Returning to step 352, master control 230 also checks whether there is excess bandwidth or processing capacity that it can use (step 360). Such excess bandwidth or processing capacity can arise, for example, due to a reduction in the playback speed of the multimedia content or extra capacity or bandwidth being devoted to streaming or playback of the multimedia content. If such excess bandwidth or processing capacity is detected, master control 230 selects a stream(s) to alter (step 362). This selection process is analogous to that of step 356, except that the ordering of streams may be “reversed”. For example, higher priority streams may be selected for improved quality due to the excess bandwidth or processing capacity. Alternatively, master control 230 may select the same streams that were previously selected for alteration in step 356.
Master control 230 also alters the selected stream(s) to take advantage of the excess bandwidth or processing capacity. This alteration is analogous to that of step 358, or alternatively may be to “undo” whatever alteration was previously performed for the stream in step 358. In making the selection and alteration in steps 362 and 364, master control 230 compares the bandwidth and processing capacities of the proposed alteration to the excess bandwidth or processing capacity to verify that neither the bandwidth nor the processing capacity devoted to the multimedia content is exceeded. For example, excess processing capacity at client 104 may be available, but the first alteration that master control 230 would want to make may exceed the bandwidth constraints and therefore cannot be carried out. Thus, master control 230 tests another alteration. If no alteration can be made that violates neither the bandwidth nor the processing capacities, then no alteration is made.
The operation of master control 230 in altering the streaming and the time-scale modification of the multimedia content is further illustrated in the following example. Assume that the bandwidth devoted to multimedia content is 150 Kbps and that the multimedia content includes two video streams, an image stream, an audio stream, and a text stream. Further assume that the time-scale modification of each of the video streams is performed at the client, that the time-scale modification of the image, audio, and text streams is performed at the server, and that at a speedup factor of 1.0, the video streams each require 30 Kbps, the image and audio streams each require 20 Kbps, and the text stream requires 10 Kbps. At the speedup factor of 1.0, the streams require only 110 Kbps of the available 150 Kbps of bandwidth. If the playback speed is increased to a speedup factor of 1.5, the video streams would require 45 Kbps of bandwidth to be time-compressed at the client, while the image and audio streams would still require 20 Kbps and the text stream 10 Kbps as these streams are being time-compressed at the server. At the speedup factor of 1.5, the streams require only 140 Kbps of the available 150 Kbps of bandwidth. However, if the speedup factor were to be increased to 2.0, then the video streams would require 60 Kbps while the image, audio, and text streams would require 20 Kbps, 20 Kbps, and 10 Kbps, respectively. The streams would require a total of 170 Kbps, which is not available. Thus, the master control would select and alter at least one of the streams, such as selecting one of the video streams for time-scale modification at the server (which would reduce the bandwidth requirements to 140 Kbps), or pause the text stream so it is no longer being streamed (which would reduce the bandwidth requirements to 150 Kbps).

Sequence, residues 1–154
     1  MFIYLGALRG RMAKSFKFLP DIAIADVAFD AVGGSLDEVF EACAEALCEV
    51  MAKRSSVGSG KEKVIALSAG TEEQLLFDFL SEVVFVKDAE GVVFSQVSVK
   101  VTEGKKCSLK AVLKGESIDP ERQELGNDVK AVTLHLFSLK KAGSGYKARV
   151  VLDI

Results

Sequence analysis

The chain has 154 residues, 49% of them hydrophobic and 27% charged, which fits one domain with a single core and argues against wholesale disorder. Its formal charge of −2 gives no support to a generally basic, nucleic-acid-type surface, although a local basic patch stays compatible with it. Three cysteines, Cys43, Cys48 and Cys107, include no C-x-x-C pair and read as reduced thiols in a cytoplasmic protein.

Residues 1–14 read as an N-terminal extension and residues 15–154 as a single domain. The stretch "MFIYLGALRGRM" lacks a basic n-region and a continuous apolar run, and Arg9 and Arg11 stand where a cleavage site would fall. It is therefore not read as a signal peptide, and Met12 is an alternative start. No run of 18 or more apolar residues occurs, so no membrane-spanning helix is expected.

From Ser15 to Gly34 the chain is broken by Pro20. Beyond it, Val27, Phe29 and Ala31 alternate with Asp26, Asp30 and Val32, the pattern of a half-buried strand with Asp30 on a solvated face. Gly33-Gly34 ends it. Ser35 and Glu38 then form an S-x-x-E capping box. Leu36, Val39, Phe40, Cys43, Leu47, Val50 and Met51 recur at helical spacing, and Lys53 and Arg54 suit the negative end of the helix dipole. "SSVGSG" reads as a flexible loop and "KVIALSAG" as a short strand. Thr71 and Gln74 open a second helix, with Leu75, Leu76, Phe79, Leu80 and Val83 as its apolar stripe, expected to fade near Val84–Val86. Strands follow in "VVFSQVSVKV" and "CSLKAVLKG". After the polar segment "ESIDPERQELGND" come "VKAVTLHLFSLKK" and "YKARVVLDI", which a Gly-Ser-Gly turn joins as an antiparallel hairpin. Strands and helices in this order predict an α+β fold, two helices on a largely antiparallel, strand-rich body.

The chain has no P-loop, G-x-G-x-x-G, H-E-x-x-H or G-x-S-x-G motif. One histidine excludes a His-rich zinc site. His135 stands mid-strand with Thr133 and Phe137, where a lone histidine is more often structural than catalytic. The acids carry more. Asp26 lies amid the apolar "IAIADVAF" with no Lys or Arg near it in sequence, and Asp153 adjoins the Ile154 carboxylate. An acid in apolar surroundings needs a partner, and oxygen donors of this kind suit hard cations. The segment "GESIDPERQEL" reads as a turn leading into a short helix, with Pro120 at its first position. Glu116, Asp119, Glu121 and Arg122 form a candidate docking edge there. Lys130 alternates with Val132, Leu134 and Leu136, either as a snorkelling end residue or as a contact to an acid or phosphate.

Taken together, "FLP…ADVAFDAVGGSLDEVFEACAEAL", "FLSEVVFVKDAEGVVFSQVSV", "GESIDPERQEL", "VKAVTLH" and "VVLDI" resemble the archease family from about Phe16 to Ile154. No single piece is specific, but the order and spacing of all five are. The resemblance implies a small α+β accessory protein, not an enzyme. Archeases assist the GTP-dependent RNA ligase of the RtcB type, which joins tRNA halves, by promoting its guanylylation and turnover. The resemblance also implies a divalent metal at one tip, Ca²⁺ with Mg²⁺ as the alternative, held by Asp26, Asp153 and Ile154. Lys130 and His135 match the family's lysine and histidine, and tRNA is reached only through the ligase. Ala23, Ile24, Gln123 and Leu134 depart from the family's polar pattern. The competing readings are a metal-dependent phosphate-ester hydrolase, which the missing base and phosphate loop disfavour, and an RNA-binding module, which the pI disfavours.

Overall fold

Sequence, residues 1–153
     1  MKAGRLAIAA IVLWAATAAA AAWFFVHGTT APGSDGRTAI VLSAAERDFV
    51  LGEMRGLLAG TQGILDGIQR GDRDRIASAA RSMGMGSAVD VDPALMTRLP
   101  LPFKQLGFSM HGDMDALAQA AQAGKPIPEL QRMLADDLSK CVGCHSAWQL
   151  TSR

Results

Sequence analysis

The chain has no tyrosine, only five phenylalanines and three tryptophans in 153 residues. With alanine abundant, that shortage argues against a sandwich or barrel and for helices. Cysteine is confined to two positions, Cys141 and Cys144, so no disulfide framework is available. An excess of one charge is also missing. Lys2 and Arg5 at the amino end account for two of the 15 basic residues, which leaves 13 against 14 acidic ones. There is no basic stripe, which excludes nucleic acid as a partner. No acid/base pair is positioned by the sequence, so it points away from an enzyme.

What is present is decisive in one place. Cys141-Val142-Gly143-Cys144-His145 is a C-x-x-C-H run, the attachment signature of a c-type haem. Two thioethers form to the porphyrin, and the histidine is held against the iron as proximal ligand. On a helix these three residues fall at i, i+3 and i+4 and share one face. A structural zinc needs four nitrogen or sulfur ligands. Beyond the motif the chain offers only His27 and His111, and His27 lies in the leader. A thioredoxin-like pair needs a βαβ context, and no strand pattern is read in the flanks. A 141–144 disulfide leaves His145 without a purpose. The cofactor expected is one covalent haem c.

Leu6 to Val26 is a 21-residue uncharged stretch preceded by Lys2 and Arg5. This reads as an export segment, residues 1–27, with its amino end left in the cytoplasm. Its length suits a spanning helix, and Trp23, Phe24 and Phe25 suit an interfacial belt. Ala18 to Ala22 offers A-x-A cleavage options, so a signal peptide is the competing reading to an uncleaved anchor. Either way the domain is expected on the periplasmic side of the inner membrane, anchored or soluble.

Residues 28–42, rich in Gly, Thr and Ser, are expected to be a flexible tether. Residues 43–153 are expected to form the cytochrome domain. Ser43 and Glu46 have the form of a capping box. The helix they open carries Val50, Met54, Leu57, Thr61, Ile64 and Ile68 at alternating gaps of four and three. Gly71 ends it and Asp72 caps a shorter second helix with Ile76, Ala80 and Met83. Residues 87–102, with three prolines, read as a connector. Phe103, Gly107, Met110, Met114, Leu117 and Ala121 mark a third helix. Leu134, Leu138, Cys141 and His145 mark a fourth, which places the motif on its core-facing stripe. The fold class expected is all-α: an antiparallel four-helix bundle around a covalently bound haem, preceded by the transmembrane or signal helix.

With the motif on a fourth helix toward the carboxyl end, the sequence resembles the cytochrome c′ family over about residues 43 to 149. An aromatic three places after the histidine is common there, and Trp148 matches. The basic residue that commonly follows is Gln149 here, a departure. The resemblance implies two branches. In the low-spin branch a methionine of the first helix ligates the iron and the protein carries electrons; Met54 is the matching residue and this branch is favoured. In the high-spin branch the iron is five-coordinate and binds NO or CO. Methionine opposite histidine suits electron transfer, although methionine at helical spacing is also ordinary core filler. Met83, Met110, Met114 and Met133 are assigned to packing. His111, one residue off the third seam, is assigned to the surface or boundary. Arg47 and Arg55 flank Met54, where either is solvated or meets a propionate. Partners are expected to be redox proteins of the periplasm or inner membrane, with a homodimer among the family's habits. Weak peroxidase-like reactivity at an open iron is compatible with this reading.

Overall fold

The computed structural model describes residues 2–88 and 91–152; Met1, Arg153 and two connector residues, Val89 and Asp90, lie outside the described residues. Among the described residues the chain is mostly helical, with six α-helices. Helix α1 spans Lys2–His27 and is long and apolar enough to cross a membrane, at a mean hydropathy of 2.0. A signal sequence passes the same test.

When the playback speed of the multimedia content is altered by the user, the playback of the multimedia content should continue in a relatively uninterrupted manner, albeit at the new playback speed. For example, suppose a user changes the playback speed from a speedup factor of 1.0 to a speedup factor of 1.5. The playback of the multimedia content should continue at approximately the location where the playback speed change was requested by the user rather than beginning playback at the beginning of the multimedia content at the new playback speed.
If timeline modification is performed at the client or is performed dynamically at the server, then the client or server can begin timeline modification when the user request is received. As the timeline modification is being performed “on the fly” on the same underlying data stream, difficulties in maintaining timeline correlation typically do not arise.
However, in situations where multiple versions of a media stream are stored at a server (e.g., as discussed above with reference to
In order to make such determinations, one of the versions of a particular data stream (e.g., one of the video streams 304 of